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Rebellion Record: a Diary of American Events: Documents and Narratives, Volume 9. (ed. Frank Moore) 52 52 Browse Search
The Atlanta (Georgia) Campaign: May 1 - September 8, 1864., Part I: General Report. (ed. Maj. George B. Davis, Mr. Leslie J. Perry, Mr. Joseph W. Kirkley) 46 46 Browse Search
Rebellion Record: a Diary of American Events: Documents and Narratives, Volume 11. (ed. Frank Moore) 38 38 Browse Search
Rebellion Record: a Diary of American Events: Documents and Narratives, Volume 5. (ed. Frank Moore) 32 32 Browse Search
Rebellion Record: a Diary of American Events: Documents and Narratives, Volume 10. (ed. Frank Moore) 26 26 Browse Search
Harper's Encyclopedia of United States History (ed. Benson Lossing) 23 23 Browse Search
Maj. Jed. Hotchkiss, Confederate Military History, a library of Confederate States Military History: Volume 3, Virginia (ed. Clement Anselm Evans) 23 23 Browse Search
Official Records of the Union and Confederate Armies, Chapter XXII: Operations in Kentucky, Tennessee, North Mississippi, North Alabama, and Southwest Virginia. March 4-June 10, 1862. (ed. Lieut. Col. Robert N. Scott) 22 22 Browse Search
Robert Underwood Johnson, Clarence Clough Buell, Battles and Leaders of the Civil War: Volume 2. 22 22 Browse Search
Admiral David D. Porter, The Naval History of the Civil War. 20 20 Browse Search
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Browsing named entities in John Dimitry , A. M., Confederate Military History, a library of Confederate States Military History: Volume 10.1, Louisiana (ed. Clement Anselm Evans). You can also browse the collection for 28th or search for 28th in all documents.

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tunate in keeping the passions of the men in check until we could effect an honorable surrender of the forts, which was done by us jointly on the morning of the 28th inst. I wish to place on record here the noble conduct of Capt F. O. Cornay's company, the St. Mary's Cannoneers, which alone stood as true as steel when every other end. These officers, with the St. Mary's Cannoneers, the only loyal Confederates remaining on the ramparts of the two forts, left for the city about 4 p. m. on the 28th, on the United States gunboat Kennebec. Duncan and Higgins were among the passengers. On the morning of April 25th Farragut was near Chalmette. Having exchang order it: It has been determined to burn all the cotton and tobacco, whether foreign or our own, to prevent it from falling into the hands of our enemy. On the 28th, Benjamin F. Butler, major-general, was taking mock possession of the forts which had already surrendered to Porter's mortar flotilla. General Lovell was in the
orces at Berwick bay. Vick, after destroying the Des Allemands station and burning the bridge, marched to join the main army. A roadbed is wearisome walking. Vick's militia found it so hard that they did not rejoin Mouton until 3 p. m. on the 28th. Vick's men, it must be added, were principally conscripts. Speaking of them, General Mouton says: On the retreat, I am sorry to say, many of the conscripts attached to Colonel Vick's command lagged behind. My object, Mouton continued, could I ce I issued orders for the removal of the sick to Berwick bay and made all needful preparations for the removal of the stores. Mouton, still retiring slowly, faced the enemy like a lion at bay, until he was ready to withdraw. At 4 p. m. on the 28th, he sent forward all the troops which could be collected. Then, as proof that he was still able to damage the enemy, he ordered the destruction by fire of the Thibodeaux bridge, the Lafourche crossing bridge, and the Terrebonne station. After wh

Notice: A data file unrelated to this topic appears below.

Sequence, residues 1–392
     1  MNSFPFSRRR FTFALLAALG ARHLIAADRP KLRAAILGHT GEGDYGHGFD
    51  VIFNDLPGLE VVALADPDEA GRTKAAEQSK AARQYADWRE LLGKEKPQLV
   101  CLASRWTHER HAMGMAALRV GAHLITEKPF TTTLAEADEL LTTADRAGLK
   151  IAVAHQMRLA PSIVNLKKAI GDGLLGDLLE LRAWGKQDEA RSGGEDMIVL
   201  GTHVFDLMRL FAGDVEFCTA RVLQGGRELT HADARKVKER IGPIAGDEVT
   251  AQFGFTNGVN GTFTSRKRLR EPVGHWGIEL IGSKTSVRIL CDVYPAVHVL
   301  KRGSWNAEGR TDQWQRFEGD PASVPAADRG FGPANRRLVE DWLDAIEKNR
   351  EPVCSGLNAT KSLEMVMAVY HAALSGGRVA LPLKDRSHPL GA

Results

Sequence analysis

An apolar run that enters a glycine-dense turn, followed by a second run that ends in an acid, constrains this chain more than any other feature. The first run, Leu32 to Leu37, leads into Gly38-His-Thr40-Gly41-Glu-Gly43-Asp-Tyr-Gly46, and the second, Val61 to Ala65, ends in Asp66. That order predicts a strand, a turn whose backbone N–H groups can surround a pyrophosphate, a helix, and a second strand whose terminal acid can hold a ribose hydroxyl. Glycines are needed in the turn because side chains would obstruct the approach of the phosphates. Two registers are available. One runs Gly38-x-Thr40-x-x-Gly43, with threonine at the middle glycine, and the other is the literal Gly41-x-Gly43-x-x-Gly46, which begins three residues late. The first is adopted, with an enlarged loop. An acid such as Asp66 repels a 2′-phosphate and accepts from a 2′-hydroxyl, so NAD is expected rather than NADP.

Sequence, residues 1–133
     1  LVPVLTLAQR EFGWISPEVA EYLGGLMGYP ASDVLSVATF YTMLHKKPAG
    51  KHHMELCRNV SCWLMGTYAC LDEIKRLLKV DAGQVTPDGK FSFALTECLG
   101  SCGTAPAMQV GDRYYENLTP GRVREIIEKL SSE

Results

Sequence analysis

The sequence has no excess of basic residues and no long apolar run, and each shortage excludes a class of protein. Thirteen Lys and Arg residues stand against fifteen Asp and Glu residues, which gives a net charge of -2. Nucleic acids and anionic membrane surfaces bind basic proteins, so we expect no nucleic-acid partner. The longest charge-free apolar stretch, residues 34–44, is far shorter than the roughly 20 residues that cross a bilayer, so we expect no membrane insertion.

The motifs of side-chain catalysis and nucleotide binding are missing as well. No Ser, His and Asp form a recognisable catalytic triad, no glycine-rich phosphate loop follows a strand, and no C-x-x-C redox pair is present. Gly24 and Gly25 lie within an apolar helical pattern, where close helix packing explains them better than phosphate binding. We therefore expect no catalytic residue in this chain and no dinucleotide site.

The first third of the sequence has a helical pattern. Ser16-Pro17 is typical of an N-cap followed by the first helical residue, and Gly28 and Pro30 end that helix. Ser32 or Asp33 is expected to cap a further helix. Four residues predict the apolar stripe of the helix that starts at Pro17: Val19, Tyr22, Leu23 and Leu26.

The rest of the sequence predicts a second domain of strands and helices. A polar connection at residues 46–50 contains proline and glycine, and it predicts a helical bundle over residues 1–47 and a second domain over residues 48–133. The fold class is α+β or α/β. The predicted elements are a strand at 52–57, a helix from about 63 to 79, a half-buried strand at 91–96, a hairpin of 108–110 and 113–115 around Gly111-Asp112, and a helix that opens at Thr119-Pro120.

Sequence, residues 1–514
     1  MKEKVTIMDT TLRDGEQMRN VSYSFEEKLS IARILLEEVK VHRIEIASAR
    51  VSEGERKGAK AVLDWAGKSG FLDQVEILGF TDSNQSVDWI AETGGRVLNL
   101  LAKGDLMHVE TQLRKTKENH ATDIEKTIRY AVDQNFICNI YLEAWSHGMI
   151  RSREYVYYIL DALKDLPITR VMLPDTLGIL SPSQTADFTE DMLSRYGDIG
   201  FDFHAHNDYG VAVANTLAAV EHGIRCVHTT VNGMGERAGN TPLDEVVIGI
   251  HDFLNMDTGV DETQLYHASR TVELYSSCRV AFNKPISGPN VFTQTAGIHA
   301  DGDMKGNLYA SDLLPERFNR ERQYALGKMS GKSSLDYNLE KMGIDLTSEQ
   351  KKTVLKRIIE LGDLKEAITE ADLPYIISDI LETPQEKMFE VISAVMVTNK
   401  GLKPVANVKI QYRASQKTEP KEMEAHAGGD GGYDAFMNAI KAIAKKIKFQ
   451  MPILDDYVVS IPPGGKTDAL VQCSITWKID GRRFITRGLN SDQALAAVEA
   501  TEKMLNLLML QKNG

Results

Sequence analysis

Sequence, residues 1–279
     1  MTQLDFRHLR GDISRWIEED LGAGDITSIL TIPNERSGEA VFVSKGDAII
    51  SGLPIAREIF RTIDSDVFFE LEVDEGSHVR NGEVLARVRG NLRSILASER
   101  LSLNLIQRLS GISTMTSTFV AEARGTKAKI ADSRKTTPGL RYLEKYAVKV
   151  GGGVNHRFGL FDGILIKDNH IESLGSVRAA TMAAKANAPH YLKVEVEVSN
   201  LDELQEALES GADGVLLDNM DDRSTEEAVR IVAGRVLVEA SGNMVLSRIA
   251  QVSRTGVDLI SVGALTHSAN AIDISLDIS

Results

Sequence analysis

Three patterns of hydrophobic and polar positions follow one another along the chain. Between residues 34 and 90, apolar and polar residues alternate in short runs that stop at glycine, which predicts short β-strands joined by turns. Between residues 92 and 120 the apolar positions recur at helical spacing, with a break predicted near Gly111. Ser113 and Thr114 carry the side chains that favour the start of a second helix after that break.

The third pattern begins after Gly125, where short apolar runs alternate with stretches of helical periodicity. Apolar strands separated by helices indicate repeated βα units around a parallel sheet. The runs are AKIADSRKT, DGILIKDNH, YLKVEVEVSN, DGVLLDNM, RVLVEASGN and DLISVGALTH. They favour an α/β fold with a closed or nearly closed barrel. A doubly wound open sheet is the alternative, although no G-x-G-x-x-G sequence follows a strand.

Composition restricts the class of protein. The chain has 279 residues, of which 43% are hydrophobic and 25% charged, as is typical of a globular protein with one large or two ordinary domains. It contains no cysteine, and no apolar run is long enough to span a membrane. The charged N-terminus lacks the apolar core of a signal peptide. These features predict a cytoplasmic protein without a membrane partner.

ered as the militant bishop of the Confederacy. the attempt to hold the Chattahoochee, the retreat across it, the relief of General Johnston by Gen. John B. Hood, and the fierce battles of Peachtree Creek, Atlanta, and Ezra Church, July 20th to 28th. During these operations Gibson's brigade was in the division commanded by General Clayton, Stewart having corps command until S. D. Lee arrived, July 27th. Gibson's brigade took part in the attack from the intrenchments on the 22d; and on the 28th, according to General Gibson's report, was led by Colonel Von Zinken against the enemy strongly posted, where the men fought gallantly and lost heavily. Lieut.-Col. Thomas Shields and Maj. Charles J Bell, of the Thirtieth, fell at the head of the regiment, the former with the colors in his hands within a few feet of the enemy's breastworks. Lieut. W. B. Chippendale, of the same gallant regiment, was killed and Captain Becnel mortally wounded. Lieut. W. J. Clark, Nineteenth, and Lieut. W. G
rve artillery. Reserve artillery is, in passing, an exceedingly elastic phrase. Under a fighter like Longstreet, it might mean many chances on the fighting line. Under a Fabius, it might easily suffer from an overdose of inaction. The Washington artillery was directed to move out on the Mechanicsville turnpike. Once on the pike, the battalion began to learn what the phrase reserve artillery might mean. They saw no fighting on the 26th; grumbled at the reserve on the 27th; frowned on the 28th, 29th and 30th —were lured into hope on July 1st, and dropped into gloom by Longstreet himself late on the afternoon of Malvern Hill. Longstreet had said: We have done all we can to-day. Park your guns in the field alongside the road. Owen's In Camp and Battle with the Washington Artillery. That was all That same night McClellan sought repose at Harrison's landing—leaving the batteries still in reserve. On July 5th-7th Squires' battery, with Col. S. D. Lee, had some practice on the Uni